US oil prices dropped as Saudi Arabian Oil Minister Ali al-Naimi said that production cuts aren't forthcoming.  An earlier comment by Iran's oil minister rejecting the suggestion that it would freeze production also weighed on prices.  The global crude market has been oversupplied for more than 1½ years, sending prices plunging to 12-year lows earlier.  OPEC shocked the market in Nov 2014 when it opted not to cut production to force prices higher.  Since then, some large producers including Saudi Arabia & Russia have increased production to maintain market share in a low-price environment.  Iran started ramping up its output in the last month since intl sanctions that had restricted its exports were lifted.  Prices rose early last week as major producers including Saudi Arabia & Russia proposed a deal to freeze production at Jan levels.  But Naimi said that production cuts aren't going to happen.  "There is no sense in wasting our time seeking production cuts," he said.  A freeze, he said, would slowly allow the ample inventories of crude oil to shrink, but "it's going to take time."  Even a freeze seems less likely to market watchers.  Earlier today, Iran Oil Minister Bijan Zanganeh called the suggestion that his country would freeze production "a joke," confirming comments reported by Iranian media.  Traders are also waiting on weekly US inventory data due tomorrow.  Many analysts expect that crude supplies grew again in the week ended Feb 19.  US crude stockpiles stood at the highest level in more than 80 years as of Feb 12.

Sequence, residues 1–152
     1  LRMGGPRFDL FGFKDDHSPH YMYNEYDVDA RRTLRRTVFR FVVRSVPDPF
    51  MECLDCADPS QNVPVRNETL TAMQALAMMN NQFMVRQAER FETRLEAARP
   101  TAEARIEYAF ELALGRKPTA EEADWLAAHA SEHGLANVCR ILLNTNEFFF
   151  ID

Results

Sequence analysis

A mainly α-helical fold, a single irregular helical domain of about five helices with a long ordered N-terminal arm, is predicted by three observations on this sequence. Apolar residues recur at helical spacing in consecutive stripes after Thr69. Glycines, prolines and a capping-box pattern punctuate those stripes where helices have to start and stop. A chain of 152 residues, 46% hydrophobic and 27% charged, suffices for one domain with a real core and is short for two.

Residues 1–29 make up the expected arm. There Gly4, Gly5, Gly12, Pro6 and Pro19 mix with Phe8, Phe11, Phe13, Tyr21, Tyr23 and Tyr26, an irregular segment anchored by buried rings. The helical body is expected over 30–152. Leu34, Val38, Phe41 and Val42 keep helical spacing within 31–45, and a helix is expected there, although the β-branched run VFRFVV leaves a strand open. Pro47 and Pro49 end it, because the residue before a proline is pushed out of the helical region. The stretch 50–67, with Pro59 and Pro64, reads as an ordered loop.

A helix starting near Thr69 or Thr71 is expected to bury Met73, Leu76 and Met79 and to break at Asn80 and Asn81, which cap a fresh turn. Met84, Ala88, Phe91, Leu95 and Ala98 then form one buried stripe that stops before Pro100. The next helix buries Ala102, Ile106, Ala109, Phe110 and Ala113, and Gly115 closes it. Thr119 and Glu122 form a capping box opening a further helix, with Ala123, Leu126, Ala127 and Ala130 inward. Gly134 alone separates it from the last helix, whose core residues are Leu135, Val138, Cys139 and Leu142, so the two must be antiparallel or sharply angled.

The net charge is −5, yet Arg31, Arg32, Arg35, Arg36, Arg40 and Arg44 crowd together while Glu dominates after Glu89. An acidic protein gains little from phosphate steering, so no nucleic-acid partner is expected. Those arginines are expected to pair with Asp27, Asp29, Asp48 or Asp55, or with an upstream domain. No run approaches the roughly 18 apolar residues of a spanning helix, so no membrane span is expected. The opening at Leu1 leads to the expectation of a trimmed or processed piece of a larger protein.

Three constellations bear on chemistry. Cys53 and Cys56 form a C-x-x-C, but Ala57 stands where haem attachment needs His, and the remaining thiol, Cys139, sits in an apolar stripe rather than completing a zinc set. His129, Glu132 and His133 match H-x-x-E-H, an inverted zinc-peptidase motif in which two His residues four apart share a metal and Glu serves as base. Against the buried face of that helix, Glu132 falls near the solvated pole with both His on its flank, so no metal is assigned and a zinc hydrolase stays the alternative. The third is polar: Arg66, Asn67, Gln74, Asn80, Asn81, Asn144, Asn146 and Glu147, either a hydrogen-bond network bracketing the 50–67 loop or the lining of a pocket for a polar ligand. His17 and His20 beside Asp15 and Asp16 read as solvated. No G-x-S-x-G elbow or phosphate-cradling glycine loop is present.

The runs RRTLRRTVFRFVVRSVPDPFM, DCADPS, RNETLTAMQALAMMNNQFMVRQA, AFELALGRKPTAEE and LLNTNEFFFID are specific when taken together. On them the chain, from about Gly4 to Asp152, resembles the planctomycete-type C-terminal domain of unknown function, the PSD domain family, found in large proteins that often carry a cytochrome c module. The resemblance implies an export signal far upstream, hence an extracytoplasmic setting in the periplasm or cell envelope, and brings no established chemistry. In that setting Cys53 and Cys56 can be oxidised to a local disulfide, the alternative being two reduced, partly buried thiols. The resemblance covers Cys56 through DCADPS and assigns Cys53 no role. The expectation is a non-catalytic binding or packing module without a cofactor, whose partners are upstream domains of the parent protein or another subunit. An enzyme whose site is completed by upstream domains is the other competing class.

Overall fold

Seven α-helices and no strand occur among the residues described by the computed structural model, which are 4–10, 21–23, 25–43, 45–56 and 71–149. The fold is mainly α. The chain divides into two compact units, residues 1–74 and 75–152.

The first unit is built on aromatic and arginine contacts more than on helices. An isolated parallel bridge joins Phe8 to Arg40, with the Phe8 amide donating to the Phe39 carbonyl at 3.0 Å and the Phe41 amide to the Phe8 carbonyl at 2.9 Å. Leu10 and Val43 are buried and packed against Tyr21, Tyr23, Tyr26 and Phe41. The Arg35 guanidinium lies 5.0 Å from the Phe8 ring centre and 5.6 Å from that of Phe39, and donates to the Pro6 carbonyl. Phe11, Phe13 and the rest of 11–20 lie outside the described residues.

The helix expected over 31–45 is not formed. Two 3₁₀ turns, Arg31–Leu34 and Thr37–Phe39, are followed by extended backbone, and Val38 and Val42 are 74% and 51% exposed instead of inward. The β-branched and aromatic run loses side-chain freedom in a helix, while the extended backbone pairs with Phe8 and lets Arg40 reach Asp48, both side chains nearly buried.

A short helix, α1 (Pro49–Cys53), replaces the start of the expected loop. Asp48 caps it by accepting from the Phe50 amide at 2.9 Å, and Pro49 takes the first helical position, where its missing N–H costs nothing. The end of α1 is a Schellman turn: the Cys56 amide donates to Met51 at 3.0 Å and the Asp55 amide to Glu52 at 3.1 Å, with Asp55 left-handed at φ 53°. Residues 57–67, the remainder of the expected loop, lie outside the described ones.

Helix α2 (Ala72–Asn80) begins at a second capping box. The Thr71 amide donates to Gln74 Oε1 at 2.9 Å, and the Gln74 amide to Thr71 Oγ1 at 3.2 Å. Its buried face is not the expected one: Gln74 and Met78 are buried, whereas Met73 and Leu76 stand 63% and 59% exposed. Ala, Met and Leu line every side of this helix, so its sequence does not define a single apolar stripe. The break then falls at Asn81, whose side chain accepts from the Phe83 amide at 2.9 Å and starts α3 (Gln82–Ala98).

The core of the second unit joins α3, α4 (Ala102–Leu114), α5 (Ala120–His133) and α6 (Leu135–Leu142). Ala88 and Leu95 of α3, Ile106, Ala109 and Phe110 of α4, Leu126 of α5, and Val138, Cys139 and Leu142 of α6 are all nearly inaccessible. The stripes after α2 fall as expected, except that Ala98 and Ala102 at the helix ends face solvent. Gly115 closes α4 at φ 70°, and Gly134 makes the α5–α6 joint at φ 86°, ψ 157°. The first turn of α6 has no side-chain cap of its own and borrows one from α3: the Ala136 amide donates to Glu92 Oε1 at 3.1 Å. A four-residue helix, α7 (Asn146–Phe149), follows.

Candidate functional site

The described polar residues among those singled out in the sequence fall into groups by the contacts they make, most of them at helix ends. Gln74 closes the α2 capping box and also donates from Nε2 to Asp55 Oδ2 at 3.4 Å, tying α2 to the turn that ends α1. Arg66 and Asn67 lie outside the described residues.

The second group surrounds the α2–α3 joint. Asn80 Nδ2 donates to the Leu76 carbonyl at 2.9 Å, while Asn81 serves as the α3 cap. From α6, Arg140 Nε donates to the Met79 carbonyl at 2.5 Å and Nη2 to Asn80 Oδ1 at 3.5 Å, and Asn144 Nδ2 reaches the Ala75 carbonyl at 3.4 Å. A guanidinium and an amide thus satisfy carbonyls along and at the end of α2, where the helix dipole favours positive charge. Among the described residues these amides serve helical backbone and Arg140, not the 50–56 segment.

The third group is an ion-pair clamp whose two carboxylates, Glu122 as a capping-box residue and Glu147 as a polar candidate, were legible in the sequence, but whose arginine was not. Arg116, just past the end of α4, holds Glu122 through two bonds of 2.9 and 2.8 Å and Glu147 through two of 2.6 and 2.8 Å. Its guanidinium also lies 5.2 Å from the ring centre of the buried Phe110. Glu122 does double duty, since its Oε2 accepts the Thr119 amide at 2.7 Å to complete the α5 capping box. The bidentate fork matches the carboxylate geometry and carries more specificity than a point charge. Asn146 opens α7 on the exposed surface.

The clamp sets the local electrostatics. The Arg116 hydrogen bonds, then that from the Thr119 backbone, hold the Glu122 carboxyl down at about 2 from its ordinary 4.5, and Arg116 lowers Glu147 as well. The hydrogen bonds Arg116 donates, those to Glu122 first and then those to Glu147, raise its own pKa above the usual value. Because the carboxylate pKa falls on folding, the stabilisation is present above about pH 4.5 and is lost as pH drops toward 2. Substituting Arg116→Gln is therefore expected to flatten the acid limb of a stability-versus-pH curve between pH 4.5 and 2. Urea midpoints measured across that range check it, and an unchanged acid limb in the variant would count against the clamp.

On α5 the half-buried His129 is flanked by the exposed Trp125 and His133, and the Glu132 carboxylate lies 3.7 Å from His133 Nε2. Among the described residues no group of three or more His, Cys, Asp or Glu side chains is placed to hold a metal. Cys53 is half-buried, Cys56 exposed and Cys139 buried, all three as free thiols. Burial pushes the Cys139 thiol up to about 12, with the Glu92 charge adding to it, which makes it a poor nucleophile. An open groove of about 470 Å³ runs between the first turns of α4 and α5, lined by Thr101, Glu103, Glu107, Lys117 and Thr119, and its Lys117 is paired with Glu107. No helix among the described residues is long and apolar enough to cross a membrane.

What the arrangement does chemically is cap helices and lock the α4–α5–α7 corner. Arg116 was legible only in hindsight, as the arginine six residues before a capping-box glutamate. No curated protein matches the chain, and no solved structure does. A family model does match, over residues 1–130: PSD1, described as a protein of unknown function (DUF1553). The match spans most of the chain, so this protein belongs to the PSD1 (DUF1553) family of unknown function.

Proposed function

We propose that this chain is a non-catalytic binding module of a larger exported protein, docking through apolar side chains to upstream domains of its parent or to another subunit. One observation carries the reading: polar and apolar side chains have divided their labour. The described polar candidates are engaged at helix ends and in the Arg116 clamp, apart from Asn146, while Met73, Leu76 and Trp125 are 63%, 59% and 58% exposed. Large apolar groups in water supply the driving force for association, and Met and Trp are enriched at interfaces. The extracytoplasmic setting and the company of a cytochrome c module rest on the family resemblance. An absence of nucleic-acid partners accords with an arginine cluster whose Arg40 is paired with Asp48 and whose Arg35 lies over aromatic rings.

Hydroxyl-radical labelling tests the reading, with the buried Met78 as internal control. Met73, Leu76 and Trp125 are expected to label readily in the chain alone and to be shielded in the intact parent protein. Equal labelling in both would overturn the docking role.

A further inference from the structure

Home Depot, a Dow stock, reported better-than-expected sales, boosted by an improving housing market & mild weather in the holiday qtr that encouraged customers continue outdoor activities & home renovations.  It also raised its quarterly div 17% & announced a $5B share buyback plan.  The company is benefiting from a pent-up demand for houses after the 2008 financial recession.  Low interest rates & growth in jobs, wage & credit are also spurring customers to spend more on renovating homes.  Favorable weather trends helped sales growth by about $100M, Ted Decker, executive VP of Merchandising, said.  Net sales rose 9.5% to $20.98B.  Sales at stores open for more than a year rose 8.9% in the US.  Analysts expected sales to rise 5.3.  The results bucked a broader retail trend of disappointing holiday qtr sales as shoppers spent more on big-ticket items such as home improvement & automobiles, instead of discretionary items such as apparel.  Sales of items priced above $900 rose 11.9%, while those below $50% rose 3.8%.  The appliances, tools & building material businesses posted double-digit comparable sales, while those for outdoor garden, paint, kitchen & bath were in mid-single digits.  HD expects 2016 sales to grow by 5.1-6.0%, which translates to $93.03-$93.83B.  Analysts were expecting $93.12B.  Comparable sales are expected to grow 3.7-4.5%, the company said.  EPS rose 6.6% to $$1.17, above the estimate,  The stock rose 1.68.  If you would like to learn more about HD, click on this link:

Home Depot sales beat on housing recovery, outdoor demandReuters

Home Depot (HD)

Another dose of reality hit the stock market & stocks were sold.  Euphemism about lower oil production did not last, as mentioned yesterday.  Agreements are hard to come by among countries with diverse attitudes on oil quotas.  The consumer data is a reminder that the US economy is not growing like it was predicted to by the bulls.  The modest gain Dow has in Feb could be lost if there is more selling in the last 4 days of the month as Dow remains down 1K YTD.